After big slide in Athens stock market, Greece prepares to present creditors fresh proposals.

ATHENS, Greece – Greece said Friday it will present its creditors with new proposals over the weekend in an attempt to breathe life into stalled bailout discussions that have stoked fears of the country’s bankruptcy.

Confirmation that talks would proceed over the weekend came after European markets had closed. Fears that the two sides were as far apart as ever on such issues as pensions and the budget saw the main stock index in Athens close 5.9 per cent lower and the Stoxx 50 index of leading European shares end down 1 per cent.

A Greek government official indicated a deal with creditors may be nearer than thought after Prime Minister Alexis Tsipras had conferred with senior ministers.

“The Greek side is ready to table counter-proposals to bridge the remaining differences,” a government official said.

The official, who was not authorized to discuss the matter on the record, said Greece believes an agreement is “closer than ever” and that Greek representatives will meet those representing the creditors in Brussels on Saturday.

Pressure on Greece to secure a deal is mounting. Greece’s 240 billion-euro ($270 billion) bailout expires June 30, at which point the country will lose access to the rescue loans it desperately needs to repay debts and avoid a default that could force it out of the euro.

The most dramatic sign of an impasse in the discussions had come on Thursday when the International Monetary Fund sent its negotiators home from bailout talks with Greek officials in Brussels, citing a lack of progress.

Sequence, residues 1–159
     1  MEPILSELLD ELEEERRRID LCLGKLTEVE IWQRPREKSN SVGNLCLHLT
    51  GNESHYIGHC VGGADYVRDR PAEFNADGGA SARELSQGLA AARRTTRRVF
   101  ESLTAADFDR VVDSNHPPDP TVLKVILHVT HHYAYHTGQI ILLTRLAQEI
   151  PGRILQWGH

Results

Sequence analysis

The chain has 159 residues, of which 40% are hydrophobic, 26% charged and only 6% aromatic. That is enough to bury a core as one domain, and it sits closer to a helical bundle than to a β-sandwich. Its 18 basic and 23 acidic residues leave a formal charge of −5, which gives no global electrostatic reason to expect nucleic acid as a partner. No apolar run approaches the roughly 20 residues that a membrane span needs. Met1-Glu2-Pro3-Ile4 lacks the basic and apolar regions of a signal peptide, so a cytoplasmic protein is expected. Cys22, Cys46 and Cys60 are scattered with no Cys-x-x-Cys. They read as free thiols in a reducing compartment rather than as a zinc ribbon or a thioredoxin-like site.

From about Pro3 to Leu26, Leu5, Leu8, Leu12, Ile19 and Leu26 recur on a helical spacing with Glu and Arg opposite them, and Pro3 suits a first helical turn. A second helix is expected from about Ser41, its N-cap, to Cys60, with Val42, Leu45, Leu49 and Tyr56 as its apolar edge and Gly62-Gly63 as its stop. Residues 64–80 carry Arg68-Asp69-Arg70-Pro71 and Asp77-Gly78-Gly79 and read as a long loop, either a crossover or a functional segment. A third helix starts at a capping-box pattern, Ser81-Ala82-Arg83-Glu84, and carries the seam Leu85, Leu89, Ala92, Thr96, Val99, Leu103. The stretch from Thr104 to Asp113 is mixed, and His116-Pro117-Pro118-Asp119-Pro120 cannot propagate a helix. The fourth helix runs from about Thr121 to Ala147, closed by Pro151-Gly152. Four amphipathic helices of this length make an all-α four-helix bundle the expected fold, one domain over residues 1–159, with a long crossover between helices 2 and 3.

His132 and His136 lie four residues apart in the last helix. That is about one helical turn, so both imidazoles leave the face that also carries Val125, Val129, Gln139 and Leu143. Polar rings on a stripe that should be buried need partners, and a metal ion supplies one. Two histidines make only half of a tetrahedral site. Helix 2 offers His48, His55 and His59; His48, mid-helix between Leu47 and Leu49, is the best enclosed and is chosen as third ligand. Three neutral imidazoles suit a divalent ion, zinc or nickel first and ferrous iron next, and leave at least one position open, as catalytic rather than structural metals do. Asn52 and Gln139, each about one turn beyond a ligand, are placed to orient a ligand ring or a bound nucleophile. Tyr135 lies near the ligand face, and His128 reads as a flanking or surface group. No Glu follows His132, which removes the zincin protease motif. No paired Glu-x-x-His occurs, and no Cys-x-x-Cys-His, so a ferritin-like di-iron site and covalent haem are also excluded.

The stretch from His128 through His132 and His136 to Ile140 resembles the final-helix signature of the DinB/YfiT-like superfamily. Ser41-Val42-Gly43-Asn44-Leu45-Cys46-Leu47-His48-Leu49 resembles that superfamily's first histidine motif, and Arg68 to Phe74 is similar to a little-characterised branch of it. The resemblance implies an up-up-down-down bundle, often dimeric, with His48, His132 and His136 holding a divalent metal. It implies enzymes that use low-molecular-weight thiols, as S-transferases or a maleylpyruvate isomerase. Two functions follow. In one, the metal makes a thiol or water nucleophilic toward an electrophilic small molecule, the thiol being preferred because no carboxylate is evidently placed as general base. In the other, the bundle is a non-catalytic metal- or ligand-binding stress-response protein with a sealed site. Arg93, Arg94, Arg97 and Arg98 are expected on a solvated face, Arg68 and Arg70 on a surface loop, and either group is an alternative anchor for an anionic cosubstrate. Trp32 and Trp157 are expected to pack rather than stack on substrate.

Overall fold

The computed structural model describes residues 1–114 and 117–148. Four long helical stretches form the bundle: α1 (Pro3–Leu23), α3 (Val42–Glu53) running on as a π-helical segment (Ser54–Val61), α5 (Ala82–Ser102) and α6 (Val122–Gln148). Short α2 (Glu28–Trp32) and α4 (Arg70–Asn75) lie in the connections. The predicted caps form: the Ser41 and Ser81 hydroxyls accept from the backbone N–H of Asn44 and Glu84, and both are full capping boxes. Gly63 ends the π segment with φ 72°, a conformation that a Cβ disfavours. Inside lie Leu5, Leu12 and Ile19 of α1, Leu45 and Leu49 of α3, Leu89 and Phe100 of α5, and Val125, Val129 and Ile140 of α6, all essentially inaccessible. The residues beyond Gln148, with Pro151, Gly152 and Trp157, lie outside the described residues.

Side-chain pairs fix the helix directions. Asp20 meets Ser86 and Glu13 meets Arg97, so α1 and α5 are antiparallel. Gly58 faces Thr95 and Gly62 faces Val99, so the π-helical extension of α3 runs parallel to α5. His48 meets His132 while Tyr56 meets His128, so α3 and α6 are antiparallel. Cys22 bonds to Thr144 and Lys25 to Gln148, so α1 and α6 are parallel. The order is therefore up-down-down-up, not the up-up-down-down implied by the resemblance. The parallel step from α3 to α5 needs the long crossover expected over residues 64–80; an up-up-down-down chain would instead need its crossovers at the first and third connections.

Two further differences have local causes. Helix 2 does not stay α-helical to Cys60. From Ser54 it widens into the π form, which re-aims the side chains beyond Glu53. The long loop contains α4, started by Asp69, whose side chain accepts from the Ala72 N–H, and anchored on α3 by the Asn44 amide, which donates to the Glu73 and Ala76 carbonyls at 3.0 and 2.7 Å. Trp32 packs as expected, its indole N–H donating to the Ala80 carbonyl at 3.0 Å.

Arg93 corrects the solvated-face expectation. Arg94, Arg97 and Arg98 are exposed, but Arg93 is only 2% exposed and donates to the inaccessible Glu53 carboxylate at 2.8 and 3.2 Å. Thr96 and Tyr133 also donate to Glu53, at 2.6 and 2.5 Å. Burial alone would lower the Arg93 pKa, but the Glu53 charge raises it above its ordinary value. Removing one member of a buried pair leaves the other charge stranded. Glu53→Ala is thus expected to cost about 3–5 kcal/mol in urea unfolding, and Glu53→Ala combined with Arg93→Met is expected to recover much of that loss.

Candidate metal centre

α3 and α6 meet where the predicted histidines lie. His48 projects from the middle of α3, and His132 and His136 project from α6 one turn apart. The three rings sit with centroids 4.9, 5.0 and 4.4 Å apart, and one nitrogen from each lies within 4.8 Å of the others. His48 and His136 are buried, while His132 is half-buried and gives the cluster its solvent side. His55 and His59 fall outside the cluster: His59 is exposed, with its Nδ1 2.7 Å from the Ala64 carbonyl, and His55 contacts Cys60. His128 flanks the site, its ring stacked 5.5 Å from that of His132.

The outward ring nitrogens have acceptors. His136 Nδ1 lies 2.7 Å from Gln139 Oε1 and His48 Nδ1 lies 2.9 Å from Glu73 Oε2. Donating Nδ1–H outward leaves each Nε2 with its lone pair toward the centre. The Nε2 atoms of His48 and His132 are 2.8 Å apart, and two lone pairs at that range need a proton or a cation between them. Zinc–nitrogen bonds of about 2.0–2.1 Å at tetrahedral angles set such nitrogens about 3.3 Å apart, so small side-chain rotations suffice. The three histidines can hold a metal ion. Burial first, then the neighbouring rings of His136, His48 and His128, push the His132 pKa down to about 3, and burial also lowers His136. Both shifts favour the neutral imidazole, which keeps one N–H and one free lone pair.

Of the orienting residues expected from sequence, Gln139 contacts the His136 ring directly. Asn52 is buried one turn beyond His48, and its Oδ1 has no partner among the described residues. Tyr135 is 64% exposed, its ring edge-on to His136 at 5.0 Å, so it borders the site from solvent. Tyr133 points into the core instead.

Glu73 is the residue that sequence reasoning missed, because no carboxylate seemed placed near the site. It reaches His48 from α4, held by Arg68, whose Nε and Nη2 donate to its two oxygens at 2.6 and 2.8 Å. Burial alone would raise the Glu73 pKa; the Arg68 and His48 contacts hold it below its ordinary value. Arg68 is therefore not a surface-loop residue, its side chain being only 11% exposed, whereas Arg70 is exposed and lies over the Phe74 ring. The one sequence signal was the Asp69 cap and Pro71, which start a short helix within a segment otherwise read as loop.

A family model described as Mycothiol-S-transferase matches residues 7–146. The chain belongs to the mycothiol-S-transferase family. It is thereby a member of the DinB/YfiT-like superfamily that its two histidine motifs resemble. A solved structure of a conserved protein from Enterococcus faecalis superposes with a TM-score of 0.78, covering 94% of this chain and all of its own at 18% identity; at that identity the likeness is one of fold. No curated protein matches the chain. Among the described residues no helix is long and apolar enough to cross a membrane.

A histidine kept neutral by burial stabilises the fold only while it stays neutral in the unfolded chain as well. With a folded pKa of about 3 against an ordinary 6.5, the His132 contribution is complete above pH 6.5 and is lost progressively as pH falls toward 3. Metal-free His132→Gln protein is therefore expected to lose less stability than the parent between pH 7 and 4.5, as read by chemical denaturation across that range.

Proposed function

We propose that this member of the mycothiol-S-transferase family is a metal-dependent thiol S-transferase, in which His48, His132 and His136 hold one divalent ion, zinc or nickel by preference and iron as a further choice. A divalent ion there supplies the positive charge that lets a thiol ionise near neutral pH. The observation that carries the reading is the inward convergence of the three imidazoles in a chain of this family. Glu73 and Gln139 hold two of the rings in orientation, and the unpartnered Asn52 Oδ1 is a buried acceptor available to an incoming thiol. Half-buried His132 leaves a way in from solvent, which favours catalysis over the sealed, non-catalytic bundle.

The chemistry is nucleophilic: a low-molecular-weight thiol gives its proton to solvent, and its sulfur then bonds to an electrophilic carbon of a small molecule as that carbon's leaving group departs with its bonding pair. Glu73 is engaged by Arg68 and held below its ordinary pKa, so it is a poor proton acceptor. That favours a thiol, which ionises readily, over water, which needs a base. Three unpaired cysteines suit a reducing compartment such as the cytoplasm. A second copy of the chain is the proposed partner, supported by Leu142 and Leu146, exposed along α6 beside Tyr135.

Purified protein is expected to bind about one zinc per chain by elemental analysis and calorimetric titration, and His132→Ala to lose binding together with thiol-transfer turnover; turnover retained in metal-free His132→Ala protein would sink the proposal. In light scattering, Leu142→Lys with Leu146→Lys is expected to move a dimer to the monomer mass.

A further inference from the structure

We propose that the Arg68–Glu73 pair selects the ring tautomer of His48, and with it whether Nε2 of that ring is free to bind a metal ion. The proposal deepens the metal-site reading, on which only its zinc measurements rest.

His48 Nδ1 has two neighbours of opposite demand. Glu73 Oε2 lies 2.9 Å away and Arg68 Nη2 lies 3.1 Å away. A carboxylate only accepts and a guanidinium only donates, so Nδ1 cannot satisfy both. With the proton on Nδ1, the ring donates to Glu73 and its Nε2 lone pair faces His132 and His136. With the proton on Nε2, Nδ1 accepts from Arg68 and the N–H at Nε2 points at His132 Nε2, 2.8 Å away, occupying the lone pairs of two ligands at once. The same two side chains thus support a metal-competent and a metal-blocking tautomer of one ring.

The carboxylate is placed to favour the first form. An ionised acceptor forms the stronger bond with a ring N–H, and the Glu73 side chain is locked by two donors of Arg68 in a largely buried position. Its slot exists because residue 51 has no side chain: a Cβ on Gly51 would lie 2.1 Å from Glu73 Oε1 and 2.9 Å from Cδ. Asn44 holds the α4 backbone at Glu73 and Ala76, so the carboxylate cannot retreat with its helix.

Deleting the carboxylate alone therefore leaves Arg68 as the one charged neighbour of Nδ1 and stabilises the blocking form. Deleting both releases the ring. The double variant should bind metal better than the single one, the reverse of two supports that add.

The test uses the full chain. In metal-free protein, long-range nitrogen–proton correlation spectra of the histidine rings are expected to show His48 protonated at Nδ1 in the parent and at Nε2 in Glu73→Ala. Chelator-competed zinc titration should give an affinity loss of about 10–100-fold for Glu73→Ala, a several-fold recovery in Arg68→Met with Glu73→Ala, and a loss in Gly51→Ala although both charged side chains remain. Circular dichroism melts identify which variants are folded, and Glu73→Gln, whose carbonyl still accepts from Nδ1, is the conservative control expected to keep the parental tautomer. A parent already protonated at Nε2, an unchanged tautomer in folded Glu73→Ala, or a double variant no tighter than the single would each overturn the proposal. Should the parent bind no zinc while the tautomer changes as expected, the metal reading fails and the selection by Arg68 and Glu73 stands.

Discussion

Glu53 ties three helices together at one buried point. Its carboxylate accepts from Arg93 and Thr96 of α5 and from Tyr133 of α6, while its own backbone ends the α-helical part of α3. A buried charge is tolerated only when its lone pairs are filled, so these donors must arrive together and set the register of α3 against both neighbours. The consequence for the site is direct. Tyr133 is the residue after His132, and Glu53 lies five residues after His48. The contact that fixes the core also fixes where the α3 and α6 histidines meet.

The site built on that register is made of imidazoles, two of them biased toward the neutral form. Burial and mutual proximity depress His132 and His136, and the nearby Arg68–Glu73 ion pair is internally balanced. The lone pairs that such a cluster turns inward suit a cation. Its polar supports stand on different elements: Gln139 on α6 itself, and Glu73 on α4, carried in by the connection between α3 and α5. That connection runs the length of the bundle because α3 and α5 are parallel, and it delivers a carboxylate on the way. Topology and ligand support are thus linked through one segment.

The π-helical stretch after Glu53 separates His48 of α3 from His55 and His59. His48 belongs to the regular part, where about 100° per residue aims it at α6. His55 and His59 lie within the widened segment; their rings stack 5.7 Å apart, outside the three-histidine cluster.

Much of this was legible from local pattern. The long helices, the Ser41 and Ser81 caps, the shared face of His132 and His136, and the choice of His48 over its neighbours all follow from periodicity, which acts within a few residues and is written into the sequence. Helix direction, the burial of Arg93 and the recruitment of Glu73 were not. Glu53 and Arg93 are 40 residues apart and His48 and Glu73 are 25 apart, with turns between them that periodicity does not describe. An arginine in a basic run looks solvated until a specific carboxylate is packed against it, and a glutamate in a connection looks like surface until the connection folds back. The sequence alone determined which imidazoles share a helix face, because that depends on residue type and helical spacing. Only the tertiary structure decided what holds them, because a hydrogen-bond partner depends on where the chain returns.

The weekend talks come ahead of a meeting late next week of the eurozone’s 19 finance ministers — a meeting that European Union President Donald Tusk has said “is really crucial and should be decisive.”

Despite the lack of visible progress, German Chancellor Angela Merkel has shown a willingness to continue the talks — her views matter perhaps more than most as Germany is Greece’s single biggest creditor.

“Where there’s a will, there’s a way, but the will must come from everybody,” she said in a speech in Berlin. Germany stressed that a solution would have to include the IMF.

Greece’s creditors — its fellow eurozone states, the European Central Bank and the IMF — want the country to commit to new economic reforms before they disburse the last 7.2 billion euros ($8.2 billion) left in Greece’s bailout fund.

The key points of contention appear to be cuts to Greek pensions, changes in the labour market and the size of Greece’s government budget. Jeroen Dijsselbloem, the eurozone’s top official, said the onus was on the Greek government to come up with “sound” proposals.

Greece’s final installment has been pending since last year and with no access to the international borrowing market, Greece has been struggling to pay both its international debts, and to continue paying salaries and pensions.

Without outside help, Greece is unlikely to be able to repay a roughly 1.6 billion-euro IMF debt installment due June 30 and larger debts due to the European Central Bank in July and August.

“We are coming to a head,” said David Mackie of JP Morgan. “Our judgment remains that Greece will offer concessions to get a deal.”

In Germany, there appear to be mixed views about saving Greece.

A poll by the TNS-Emnid agency for the German weekly Focus found that 46 per cent of Germans wanted Greece to keep the euro, while 42 per cent thought it should return to the drachma. That survey of 1,004 people, conducted over landline phones Monday and Tuesday, has a reported margin of error of 3.6 percentage points.

But another poll, conducted by the Forschungsgruppe Wahlen institute for ZDF television, showed 41 per cent of Germans in favour of Greece staying in the eurozone and 51 per cent against — a marked shift from the beginning of the year, when it found 55 per cent wanted Greece to stay and 33 wanted it to go. That poll of 1,230 people, again over landlines, gave a margin of error of three percentage points.


Geir Moulson in Berlin and Michael Corder in The Hague, Netherlands, contributed to this report.